Crunch time is approaching for growers reliant on migrant workers following the Government's apparent rejection of a revived seasonal labour scheme.
"Will we have access to workers after Brexit? We are worried about whether we will have pickers this year," NFU horticulture and potatoes board chair Ali Capper told a conference held by the Worshipful Company of Fruiterers - the first of its kind since 2003 - on 16 March. "There is a declining return rate. The messages that Government is putting out are causing our workers to think about whether or not to come."
Having been involved in talks with different branches of Government for some time, she confessed: "I am losing faith in the political system. The NFU has done a good job of making clear what the need is and what the risk is - they get that. Sadly it's still seen as an immigration issue. We haven't given up but it's incredibly frustrating.
"There are a lot of very big issues around Brexit and very little clarity. The Government is keeping its cards close to its chest, so it's hard to work out what it means for us. There is an opportunity to address issues like self-sufficiency. But I sense that there is a strong feeling among MPs that we can just import food."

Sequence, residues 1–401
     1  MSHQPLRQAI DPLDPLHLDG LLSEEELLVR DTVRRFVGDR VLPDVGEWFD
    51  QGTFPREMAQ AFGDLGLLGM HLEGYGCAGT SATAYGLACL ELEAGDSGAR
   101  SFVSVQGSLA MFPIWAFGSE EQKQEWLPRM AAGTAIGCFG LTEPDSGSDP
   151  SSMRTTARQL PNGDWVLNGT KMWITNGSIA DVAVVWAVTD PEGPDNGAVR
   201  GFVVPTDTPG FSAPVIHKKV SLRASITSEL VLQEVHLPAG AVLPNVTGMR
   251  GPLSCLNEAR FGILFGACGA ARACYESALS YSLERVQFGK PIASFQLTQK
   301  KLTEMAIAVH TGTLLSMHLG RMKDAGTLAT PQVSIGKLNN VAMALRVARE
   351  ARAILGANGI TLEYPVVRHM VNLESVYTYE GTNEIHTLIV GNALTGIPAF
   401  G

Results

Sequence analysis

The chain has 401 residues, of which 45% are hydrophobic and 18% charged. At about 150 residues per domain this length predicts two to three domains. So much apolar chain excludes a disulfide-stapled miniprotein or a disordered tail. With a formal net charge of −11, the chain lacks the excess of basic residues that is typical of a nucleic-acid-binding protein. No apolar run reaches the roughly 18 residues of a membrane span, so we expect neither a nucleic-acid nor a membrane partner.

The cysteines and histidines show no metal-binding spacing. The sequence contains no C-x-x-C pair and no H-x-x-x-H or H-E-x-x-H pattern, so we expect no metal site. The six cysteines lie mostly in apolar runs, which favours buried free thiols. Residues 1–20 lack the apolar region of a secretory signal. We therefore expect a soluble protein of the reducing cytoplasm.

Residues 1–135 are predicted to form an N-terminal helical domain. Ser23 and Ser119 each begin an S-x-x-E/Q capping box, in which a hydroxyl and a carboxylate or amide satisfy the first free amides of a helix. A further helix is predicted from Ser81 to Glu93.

Dismissing the idea that growers could source local labour instead, Capper said: "The unemployment rate is at its lowest since 1975. The people to do these jobs just aren't there locally."
The NFU "will look every month from now on at labour provision", she added. For the 2019 season, which is expected to be the first following Brexit, "it has to be sorted out during next year and the Government hasn't yet got its head around that", she maintained. "(Farming minister) George Eustice saying 'we will sort it once we leave the EU' isn't good enough."
She added: "We are keen for seasonal workers not to be included in auto enrolment (in pension schemes). We also have to meet a new set of accommodation standards. Meanwhile, there is a lot of news about robotic solutions - there is a robotic apple picker that will pick one a minute. None of them will be on a commercial scale for at least seven and probably 10 years."